Mahabalipuram

Mahabalipuram, also known as Mamallapuram, situated 60 km south from the city of Chennai in Tamil Nadu. The beauty of the place is not only due to these architecture but the vast casuarinas trees, the silvery sandy beach the classical hand male crafts around have made them all to form what is a collective splendor.

By the 7th century it was a port city of South Indian dynasty of the Pallavas. It has a group of sanctuaries, which was carved out of rock along the Coromandel coast in the 7th and 8th centuries : rathas (temples in the form of chariots), mandapas (cave sanctuaries), giant open-air rock reliefs such as the famous Descent of the Ganges, and the Shore Temple, with thousands of sculptures to the glory of Shiva. The Group of Monuments at Mahabalipuram has been classified as a UNESCO World Heritage Site.

The monuments are mostly rock-cut and monolithic, and constitute the early stages of Dravidian architecture where in Buddhist elements of design are prominently visible. They are constituted by cave temples, monolithic rathas (chariots), sculpted reliefs and structural temples. The pillars are of the Dravidian order. The sculptures are excellent examples of Pallava art. They are located in the side of the cliffs near India's Bay of Bengal.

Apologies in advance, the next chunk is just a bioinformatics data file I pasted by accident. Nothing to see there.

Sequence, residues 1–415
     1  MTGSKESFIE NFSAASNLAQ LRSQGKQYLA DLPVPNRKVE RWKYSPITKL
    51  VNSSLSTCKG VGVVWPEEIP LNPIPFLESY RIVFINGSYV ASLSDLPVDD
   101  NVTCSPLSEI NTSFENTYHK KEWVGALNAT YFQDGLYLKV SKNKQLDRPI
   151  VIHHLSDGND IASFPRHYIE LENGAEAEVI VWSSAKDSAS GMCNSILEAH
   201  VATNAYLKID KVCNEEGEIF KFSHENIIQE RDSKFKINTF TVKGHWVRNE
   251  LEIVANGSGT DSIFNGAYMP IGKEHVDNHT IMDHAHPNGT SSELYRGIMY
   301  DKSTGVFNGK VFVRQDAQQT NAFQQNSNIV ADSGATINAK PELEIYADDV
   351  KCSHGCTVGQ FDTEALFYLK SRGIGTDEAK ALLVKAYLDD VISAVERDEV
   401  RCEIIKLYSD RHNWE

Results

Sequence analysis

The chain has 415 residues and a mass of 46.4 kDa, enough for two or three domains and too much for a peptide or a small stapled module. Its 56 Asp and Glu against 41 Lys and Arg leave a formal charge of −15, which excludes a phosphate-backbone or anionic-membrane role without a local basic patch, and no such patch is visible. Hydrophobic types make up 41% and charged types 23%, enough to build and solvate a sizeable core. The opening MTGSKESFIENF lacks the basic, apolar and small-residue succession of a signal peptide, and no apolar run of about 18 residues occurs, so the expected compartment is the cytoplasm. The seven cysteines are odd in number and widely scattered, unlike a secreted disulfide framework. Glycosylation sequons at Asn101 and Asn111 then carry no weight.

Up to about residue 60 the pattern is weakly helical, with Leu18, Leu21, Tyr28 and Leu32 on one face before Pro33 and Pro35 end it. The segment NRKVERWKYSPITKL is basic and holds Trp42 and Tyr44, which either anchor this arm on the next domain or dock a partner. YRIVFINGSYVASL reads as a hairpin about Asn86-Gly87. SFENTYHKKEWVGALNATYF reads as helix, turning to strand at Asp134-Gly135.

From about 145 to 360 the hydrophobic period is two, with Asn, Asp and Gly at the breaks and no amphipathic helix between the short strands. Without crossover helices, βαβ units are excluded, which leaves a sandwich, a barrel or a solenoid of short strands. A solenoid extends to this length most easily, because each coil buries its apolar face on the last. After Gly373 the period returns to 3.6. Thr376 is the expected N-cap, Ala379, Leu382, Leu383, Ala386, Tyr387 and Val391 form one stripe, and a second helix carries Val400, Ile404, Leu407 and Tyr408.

The Sthalasayana Perumal Temple, located at Mahabalipuram, stands as the first and foremost of Mahabalipuram sculptures, one of the 108 Divya desam. The temple stands on the shore, built in the same period as the sculptures at the site. A cat standing on one leg represents one of the notable, and perhaps ironic, figures in the bas-relief.

Varaha Cave Temple, an example of Indian rock-cut architecture dating from the late seventh century, refers to a small rock-cut cave temple with a mandapam dating from the seventh century. Inside the side walls have large sculptured panels depicting Vishnu as Varaha, the boar, holding up Bhudevi, the earth goddess, good examples of naturalistic Pallava art. The Pallava doorkeepers constitute four pillars that have lion carved into the bases. Inside, on rear wall, the shrine sits with guardian figures on either side.

The Shore Temple is a structural temple built with blocks of granite, dating from the eighth century C.E. and is a five-storied rock cut structural Hindu temple rather than monolithical in the style of other monuments at the site. The earliest important structural temple in Southern India, the pyramidal structure stands 60 ft high and sits on a 50 ft square platform.

Pancha Rathas (Five Chariots) are five monolithic pyramidal structures named after the Pandavas and Draupadi. Interestingly the rathas, despite their sizes, remain unassembled—each had been carved from one single large piece of stone.

A large stone lion, which the changing shoreline left sitting uncovered on Mahabalipuram’s beach, may be the most famous archaeological finding after the tsunami. Archaeologists have dated it to the seventh century C.E. The Goddess Durga seats on her lion vahana. A small shrine may have been in the cavity in the lion's chest.